With civility in the courtroom and dignity in the streets, Norway has risen to the challenge posed by the trial of Anders Behring Breivik, one of history's worst mass murderers, observers say.
The tone was set on the first day of the trial on April 16th when theprosecutors, psychiatrists and lawyers for the plaintiffs lined up in front of Breivik before proceedings got under way to politely shake his hand.
Nine months earlier, that same hand killed 77 people when the 33-year-old right-wing extremist detonated a bomb in the government block in Oslo and then went to the nearby island of Utøya where he opened fire on hundreds of people, many of them teenagers, attending a Labour Party youth camp.
Courtesy has been the rule throughout the emotional testimony heard so far from survivors and during Breivik's cross-examination, though it has at times been disconcerting to some: a few journalists have expressed surprise at Prosecutor Inga Bejer Engh's use of a seemingly friendly tone with Breivik.
"We're going through 'Breivik hell' with dignity and upholding the principles of the rule of law and the rights of the individual, the rights ofthe criminal," a columnist at tabloid Verdens Gang (VG), Shabana Rehman, wrote.
"We can be proud that there has been no lynch-mob atmosphere," she added.
Breivik, who is led into the courtroom by unarmed police officers every morning, clad in a suit and tie, has never been assaulted, neither verbally nor physically, though families of his victims sit just a few feet away, their suffering visible but silent.
In the absence of shouting or hollering, loud shrieks of grief or anger, there is just soft weeping, the occasional hug between family members, and heads shaking in disgust.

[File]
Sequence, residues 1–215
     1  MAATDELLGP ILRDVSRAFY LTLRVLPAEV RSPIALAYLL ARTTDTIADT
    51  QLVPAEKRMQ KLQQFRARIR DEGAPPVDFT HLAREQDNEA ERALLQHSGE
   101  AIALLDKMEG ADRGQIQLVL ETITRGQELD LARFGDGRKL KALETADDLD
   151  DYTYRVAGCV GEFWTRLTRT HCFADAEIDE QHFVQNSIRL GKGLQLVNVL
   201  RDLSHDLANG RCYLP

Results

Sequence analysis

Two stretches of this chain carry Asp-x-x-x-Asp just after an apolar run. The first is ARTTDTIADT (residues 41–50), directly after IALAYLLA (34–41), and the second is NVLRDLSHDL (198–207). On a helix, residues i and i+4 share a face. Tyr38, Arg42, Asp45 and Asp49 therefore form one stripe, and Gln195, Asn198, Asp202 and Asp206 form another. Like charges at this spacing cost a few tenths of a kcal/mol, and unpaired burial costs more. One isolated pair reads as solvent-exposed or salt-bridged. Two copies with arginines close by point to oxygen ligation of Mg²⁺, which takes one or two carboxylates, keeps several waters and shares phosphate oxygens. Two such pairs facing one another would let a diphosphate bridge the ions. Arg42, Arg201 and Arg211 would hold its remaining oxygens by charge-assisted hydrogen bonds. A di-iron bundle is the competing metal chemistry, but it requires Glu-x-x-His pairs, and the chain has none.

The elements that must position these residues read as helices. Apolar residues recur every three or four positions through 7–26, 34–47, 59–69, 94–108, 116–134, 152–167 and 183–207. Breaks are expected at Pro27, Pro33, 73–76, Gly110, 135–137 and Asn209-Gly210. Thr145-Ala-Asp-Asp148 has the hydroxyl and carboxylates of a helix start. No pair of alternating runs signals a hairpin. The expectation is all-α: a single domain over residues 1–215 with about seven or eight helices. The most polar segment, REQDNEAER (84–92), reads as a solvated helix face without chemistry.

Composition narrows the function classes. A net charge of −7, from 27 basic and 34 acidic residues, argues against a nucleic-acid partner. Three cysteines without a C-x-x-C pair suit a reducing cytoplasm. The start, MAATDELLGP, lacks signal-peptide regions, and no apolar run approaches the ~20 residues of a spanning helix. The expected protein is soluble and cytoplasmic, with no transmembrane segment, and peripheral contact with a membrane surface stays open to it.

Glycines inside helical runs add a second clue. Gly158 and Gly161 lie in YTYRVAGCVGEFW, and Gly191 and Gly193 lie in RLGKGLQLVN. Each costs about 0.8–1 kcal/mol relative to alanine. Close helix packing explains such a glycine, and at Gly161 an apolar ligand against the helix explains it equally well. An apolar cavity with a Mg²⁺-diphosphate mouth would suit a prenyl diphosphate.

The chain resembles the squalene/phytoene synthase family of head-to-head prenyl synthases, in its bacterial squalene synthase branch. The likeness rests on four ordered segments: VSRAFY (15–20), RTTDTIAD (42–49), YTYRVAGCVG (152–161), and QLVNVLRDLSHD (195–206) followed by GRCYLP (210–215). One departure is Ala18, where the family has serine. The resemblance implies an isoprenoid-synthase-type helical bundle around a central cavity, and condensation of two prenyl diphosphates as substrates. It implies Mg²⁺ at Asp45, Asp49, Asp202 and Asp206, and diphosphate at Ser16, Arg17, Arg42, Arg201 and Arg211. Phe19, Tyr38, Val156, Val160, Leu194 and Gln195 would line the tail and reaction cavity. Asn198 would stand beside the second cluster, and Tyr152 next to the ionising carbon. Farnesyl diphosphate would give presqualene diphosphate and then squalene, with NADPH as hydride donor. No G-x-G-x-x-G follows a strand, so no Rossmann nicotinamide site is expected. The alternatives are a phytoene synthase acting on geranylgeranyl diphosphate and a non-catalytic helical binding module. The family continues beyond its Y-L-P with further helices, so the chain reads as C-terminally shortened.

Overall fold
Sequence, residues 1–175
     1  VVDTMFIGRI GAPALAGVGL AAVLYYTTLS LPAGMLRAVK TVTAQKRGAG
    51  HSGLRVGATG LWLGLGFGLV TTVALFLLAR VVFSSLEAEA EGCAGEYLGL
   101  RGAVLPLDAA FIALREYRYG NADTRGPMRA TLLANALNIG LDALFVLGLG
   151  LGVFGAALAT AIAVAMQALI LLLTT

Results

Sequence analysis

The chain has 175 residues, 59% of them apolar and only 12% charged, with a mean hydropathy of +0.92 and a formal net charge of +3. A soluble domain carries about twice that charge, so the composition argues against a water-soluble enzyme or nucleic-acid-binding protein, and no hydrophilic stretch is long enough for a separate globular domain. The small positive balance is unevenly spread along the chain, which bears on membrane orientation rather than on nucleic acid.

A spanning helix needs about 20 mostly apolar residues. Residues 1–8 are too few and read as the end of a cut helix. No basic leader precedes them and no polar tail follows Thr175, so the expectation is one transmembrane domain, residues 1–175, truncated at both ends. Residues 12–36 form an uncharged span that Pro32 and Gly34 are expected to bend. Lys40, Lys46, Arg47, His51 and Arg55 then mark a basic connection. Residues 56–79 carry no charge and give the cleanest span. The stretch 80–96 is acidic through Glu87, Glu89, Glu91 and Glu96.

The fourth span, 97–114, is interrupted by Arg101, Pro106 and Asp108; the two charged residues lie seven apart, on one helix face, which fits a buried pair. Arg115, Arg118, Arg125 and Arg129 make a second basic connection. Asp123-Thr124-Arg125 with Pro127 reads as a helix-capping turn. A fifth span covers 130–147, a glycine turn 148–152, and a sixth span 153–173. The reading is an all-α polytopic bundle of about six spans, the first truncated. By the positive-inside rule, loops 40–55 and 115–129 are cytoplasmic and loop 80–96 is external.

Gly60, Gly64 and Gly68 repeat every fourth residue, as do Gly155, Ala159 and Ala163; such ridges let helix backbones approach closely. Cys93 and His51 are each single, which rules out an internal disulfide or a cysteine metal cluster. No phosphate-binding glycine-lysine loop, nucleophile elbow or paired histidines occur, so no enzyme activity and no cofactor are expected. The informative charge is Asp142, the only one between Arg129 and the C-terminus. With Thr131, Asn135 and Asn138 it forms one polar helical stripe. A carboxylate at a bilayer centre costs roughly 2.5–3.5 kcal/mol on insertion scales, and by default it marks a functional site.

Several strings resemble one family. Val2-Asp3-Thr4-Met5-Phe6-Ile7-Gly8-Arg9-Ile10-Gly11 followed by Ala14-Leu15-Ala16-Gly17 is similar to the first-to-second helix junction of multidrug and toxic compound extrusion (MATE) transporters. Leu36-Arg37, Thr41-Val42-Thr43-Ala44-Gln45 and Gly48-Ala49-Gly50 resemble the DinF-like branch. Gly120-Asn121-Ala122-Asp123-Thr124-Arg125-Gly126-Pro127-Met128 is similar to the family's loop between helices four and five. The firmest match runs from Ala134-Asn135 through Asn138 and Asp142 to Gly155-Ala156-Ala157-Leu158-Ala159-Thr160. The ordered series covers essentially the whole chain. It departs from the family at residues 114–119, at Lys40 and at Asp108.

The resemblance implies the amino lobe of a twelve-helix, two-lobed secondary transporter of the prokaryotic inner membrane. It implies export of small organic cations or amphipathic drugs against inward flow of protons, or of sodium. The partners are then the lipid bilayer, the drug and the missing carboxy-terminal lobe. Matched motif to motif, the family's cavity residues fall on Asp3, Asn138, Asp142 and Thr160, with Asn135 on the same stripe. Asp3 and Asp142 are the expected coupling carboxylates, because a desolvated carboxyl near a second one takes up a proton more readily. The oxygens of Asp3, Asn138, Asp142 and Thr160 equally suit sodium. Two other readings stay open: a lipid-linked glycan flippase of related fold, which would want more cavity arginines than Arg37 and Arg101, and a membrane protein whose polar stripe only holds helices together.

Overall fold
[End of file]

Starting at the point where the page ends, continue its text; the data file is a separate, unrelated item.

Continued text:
Maren Karlsson, who lost her daughter in the bombing, said she simply caught Breivik's eye at one point and stared him down until he looked away.
From the witness stand, none of the bomb survivors, some deeply scarred and still on crutches, addressed Breivik directly.
Outside the courtroom, Norwegians have responded to the trial with the same spirit of solidarity and unity that marked the tranquil nation in the days following the July 22nd attacks, when tens of thousands of people marched quietly in the streets, roses in hand.
"Unlike the United States after 9/11, Norway is not going to place its soul in jeopardy through brutal and passionate revenge following a terrorist attack," University of Oslo anthropology professor Thomas Hylland Eriksen said.
"The slogan is not 'either you are with us or you are with the terrorists,' but rather 'it is our values against theirs'," he wrote on the site www.openDemocracy.com.
During the trial, Norwegian media have dug up a phrase tweeted by a young Norwegian woman, Helle Gannestad, after July 22: "If one man can create that much hate, you can only imagine how much love we as a togetherness can create."
Her message echoed Labour Prime Minister Jens Stoltenberg's call after the attacks for "more democracy, more openness and more humanity, but without naivety."
On Thursday, some 40,000 people gathered at an Oslo square to sing a popular folk song that children in Norway sing in school and which Breivik had described during the trial as a "Marxist indoctrination method."
"It's a pretty typical Norwegian reaction," Breivik said a few days earlier of the peaceful marches in reaction to his attacks. "You're not allowed to get angry or furious," he said, adding that he had expected to be lynched for his massacres.
Regardless of whether it's a sign of naive good nature or a strong attachment to democratic ideals, the Norwegian reactions have been widely reported abroad.
"These civilities? Maybe it's like Breivik says, that in Norway you're not allowed to get angry," another VG columnist, Anders Giaever, told AFP.
"But it may also be that we're not accustomed to crimes like this. Mass murderers were in other countries. We're used to cases of domestic abuse or crimes linked to drugs. So we just keep to our usual reactions," he said.